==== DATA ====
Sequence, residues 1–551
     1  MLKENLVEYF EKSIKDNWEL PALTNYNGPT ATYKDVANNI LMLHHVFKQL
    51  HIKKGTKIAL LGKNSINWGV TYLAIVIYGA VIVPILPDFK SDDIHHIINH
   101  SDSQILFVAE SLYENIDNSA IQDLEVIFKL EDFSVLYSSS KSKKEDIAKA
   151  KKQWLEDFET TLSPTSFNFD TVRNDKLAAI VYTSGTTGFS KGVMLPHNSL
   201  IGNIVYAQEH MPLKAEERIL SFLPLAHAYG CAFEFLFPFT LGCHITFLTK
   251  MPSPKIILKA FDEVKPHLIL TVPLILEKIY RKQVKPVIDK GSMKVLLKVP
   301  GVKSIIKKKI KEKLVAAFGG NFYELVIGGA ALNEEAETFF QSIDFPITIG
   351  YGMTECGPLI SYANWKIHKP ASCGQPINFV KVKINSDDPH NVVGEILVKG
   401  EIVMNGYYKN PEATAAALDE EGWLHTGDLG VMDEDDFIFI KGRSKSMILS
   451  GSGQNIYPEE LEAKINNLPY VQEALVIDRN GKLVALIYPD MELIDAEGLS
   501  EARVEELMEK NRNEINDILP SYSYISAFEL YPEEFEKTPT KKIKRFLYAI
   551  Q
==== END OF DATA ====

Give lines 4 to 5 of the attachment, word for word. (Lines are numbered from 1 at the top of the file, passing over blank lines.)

   101  SDSQILFVAE SLYENIDNSA IQDLEVIFKL EDFSVLYSSS KSKKEDIAKA
   151  KKQWLEDFET TLSPTSFNFD TVRNDKLAAI VYTSGTTGFS KGVMLPHNSL